By Isabella Kaminski
MADRID—As the latest series of international climate talks begin in Madrid, the discussions will have to broach issues of climate justice, experts say, including whether governments could be held liable for historic inaction on climate change.
Speaking at the formal opening of the United Nations’ negotiations (COP25), UN Secretary-General António Guterres said global efforts to combat climate change had so far been “utterly inadequate” and warned that delegates had important decisions to make.
“By the end of the coming decade we will be on one of two paths, one of which is sleepwalking past the point of no return,” he said.
One major agenda item revolves around climate-related loss and damage in vulnerable countries, several of which are considering legal action to pay for damage that is already occurring and is expected to get much worse.
Loss and damage was addressed in Article 8 of the 2015 Paris Agreement under the Warsaw International Mechanism (WIM). It recognises the importance of “averting, minimising and addressing loss and damage associated with climate change, including extreme weather events, such as floods, landslides, storms and forest fires, and slow onset events such as the loss of fresh water aquifers and glaciers.” But a financing mechanism for doing this has yet to be agreed.
Developing countries are starting to present a united front to push for loss and damage finance, said Leia Achampong, EU climate change advisor for ACT Alliance, a coalition of Protestant and Orthodox church organisations.
She also expects international organizations—specifically UN agencies—to raise issues of human rights and gender in relation to this funding. “I think it’s important because loss and damage affects different people and different marginalised communities in different ways and yet the WIM isn’t responding to those differing circumstances,” Achampong said. “The WIM addresses loss and damage in the context of different country circumstances but it doesn’t yet take into equity within countries.”
The Paris Agreement’s clauses on loss and damage were hard-won, following major disputes between developed and developing nations. Richer countries were particularly concerned that any mention of historic liability would open the floodgates for compensation claims.
In the end, the agreement’s final text explicitly stated that Article 8 “does not involve or provide a basis for any liability or compensation.” As a result, negotiations on loss and damage have to be very carefully worded.
While it is very unlikely that historic liability will be reintroduced, Achampong noted that the WIM executive committee has two new board members from negotiating groups representing Africa and the the least developed countries. They are “being very vocal about raising all of the uncomfortable questions that developed countries don’t want to discuss, including on a finance facility for the WIM,” she said.
Sébastien Duyck, senior attorney at the Center for International Environmental Law (CIEL), said a successful loss and damage mechanism could in fact decrease the risk of litigation. “It is very difficult relying on traditional legal approaches and trying to hold politicians liable for climate damage,” he said. “But also it is extremely frustrating, it is time consuming, it involves a lot of resources.”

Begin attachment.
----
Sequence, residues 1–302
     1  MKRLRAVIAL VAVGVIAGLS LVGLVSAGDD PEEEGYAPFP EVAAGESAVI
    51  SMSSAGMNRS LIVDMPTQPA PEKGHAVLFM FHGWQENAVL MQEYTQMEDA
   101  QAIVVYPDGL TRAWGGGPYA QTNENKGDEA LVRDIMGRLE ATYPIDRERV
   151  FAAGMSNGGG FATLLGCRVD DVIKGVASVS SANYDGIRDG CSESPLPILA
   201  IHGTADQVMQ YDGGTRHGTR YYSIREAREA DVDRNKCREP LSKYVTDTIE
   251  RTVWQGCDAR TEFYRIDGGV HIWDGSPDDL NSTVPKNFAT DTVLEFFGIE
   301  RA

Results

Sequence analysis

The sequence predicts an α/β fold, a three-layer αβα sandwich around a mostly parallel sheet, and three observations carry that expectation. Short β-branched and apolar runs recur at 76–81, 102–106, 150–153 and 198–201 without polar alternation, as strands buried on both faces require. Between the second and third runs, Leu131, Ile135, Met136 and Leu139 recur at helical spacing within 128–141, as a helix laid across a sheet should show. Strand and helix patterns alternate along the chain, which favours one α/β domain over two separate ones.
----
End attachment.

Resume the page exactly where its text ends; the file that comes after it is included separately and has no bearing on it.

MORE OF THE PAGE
Progress on this topic is in everyone’s interest, he said, so that vulnerable countries do not have to resort to other parts of the UN or courts to get some form of compensation, “at least when it comes to state-to-state relations.”
If the most polluting countries really step up to the commitments they made in Paris and show progress on their national determined contributions (NDCs), Duyck said, they would be in a strong position to fight litigation.
NDCs must be submitted every five years, with the next round of new and revised commitments expected next year.
Another key item on the COP25 agenda is the development of ‘Article 6’ rules that will govern carbon markets and other forms of international cooperation. It is the last part of the Paris Agreement rulebook still to be resolved.
“The judge asked several times to the representative of the government: ‘Do they know that there are enough certificates to buy for Germany to comply with their annual target?’ And they couldn’t answer that, they just said they’re optimistic. Unfortunately the court didn’t follow up further on that.”
She said this raises the question of whether there is a minimum level of climate protection that countries have to provide for their citizens and the degree to which they have to fulfill this at home instead of buying overseas credits. “And is that something that we can also fight for in the courts?”
The country facing the widest range of litigation over climate issues, the U.S., is represented here not by President Donald Trump, who began the process to formally exit the Paris Agreement in November, but by a Congressional delegation of Democrats led by House Speaker Nancy Pelosi. Late on Monday, she told the conference that “Congress’s commitment to action on the climate crisis is iron-clad. This is a matter of public health, of clean air, of clean water, of our children, of the survival of our economies, of the prosperity of the world, of national security, justice and equality.”
The two-week talks had been scheduled to be held in Chile, but widespread civil unrest forced the country to back out last month and Madrid stepped in to host. The talks will retain a strong Latin America flavour with side events examining the human rights implications of climate change, climate justice, gender and the participation of indigenous communities.